This time it was the reverse. I was anticipating the joy of my in-laws meeting us in a few months’ time. Like then, I was not thinking of the sadness of the other party.

            My mother regretted that our native land could not accommodate me, or was it the other way around. She was convinced that I would have been a great asset to Malaysia, a mother’s pride in her son showing. She was also confident that I would achieve something abroad but then she would know nothing of the values to appreciate that.

            She hoped that when I leave I should not disappear like a rock dropping to the bottom of the lake. Instead I should be like a pebble skipping the surface, creating splashes and ripples. You would never know where those would end, she counselled me. Noting that I used to write to various Malaysian officials when I was a student about my ideas, she and my father urged me to continue doing so, and to reach a wider audience.

            When Ariffin and Hamidah came home that weekend, seeing that I was alone, they asked what I did all that week. I replied nothing except being my parents’ chauffeur and overall “Joe boy.” Ariffin commented that there would be a special place in heaven for the likes of me, quoting a familiar hadith on the merits on being a devoted son.

            My parents may have accepted my leaving but they were careful not to let the word out, not to the neighbors or non-close family members. Indeed for the first few visits after I had left Malaysia, my parents would always introduce me to their friends and neighbors as being the son who was away for “further studies.” My father could not bring himself to say that I had emigrated for fear of possible negative reactions, as being an ingrate or worse, a traitor. Yet when we were young my parents did not hesitate to defy the prevailing social trend as when he kept us in English schools at the height of nationalism and intense pride in our national language.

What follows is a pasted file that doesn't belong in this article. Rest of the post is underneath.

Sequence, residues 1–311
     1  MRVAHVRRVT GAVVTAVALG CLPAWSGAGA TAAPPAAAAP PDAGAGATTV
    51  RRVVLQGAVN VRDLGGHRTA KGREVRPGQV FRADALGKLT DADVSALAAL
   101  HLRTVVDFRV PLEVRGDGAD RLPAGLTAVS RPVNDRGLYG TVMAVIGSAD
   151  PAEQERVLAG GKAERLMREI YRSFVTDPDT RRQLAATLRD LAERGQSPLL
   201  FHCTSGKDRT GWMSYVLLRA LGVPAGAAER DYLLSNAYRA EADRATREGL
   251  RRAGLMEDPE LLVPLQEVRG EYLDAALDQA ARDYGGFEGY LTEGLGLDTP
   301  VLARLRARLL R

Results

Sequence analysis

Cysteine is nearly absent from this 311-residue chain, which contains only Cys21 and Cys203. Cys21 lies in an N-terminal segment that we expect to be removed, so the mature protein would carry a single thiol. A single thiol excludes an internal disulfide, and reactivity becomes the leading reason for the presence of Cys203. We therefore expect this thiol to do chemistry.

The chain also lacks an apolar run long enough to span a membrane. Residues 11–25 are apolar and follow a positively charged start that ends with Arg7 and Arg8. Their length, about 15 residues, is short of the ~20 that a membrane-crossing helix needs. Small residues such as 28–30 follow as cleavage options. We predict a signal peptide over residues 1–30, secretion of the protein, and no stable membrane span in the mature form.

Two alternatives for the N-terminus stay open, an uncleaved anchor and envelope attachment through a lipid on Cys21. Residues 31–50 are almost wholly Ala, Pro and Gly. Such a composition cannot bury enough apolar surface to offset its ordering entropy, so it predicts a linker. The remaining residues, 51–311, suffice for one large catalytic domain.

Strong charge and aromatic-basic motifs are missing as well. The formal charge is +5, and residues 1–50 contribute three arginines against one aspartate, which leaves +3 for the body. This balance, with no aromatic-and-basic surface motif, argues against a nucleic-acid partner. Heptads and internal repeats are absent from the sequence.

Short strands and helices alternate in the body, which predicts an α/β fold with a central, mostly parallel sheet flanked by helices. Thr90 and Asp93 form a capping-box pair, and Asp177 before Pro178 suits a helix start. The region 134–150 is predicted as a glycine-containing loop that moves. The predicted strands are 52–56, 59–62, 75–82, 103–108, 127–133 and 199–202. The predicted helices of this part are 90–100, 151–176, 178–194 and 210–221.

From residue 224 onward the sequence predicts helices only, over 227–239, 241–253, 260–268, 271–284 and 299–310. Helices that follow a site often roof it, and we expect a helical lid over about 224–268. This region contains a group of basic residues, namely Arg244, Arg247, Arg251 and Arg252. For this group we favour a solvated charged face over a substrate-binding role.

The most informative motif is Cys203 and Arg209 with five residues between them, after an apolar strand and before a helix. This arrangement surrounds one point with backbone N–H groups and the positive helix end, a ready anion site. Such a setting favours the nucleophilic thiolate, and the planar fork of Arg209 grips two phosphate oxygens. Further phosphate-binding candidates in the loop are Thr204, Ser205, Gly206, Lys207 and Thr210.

Only decades later would I hear him introduce me as “my son who had migrated to California” with unrestrained glitter of pride in his eyes, “He has his own private practice there as well as a sheep ranch!”

            I knew then that he had fully accepted my moving away. Before that my mother would never cease asking me every time we came home for visits the inevitable question, “When are you coming back?”

            Once at a family gathering on a visit after I had left Malaysia, my Uncle Darus too posed that same question. Before I could answer him, he replied himself. “The Malaysia of today is not the same as the one you left decades ago!” He went on to relate that there were many more private hospitals and people with health insurance. Malaysia too had a more dynamic leader in Dr. Mahathir, not like his book-bound sluggish predecessor Hussein Onn who was in power I left.

            I replied by turning the question around to him, but with a twist. Seeing that he too had left the village decades ago as a youngster to work in KL and then decided to settle there, would he now consider returning to the village seeing that it is today very unlike what he had left decades ago, with electricity, piped water, and paved roads.

            He laughed; he had grasped my point.

Excerpt # 72:  The Logistics Of Leaving
From the author’s second memoir, The Son Has Not Returned.  A Surgeon In His Native Malaysia, 2018.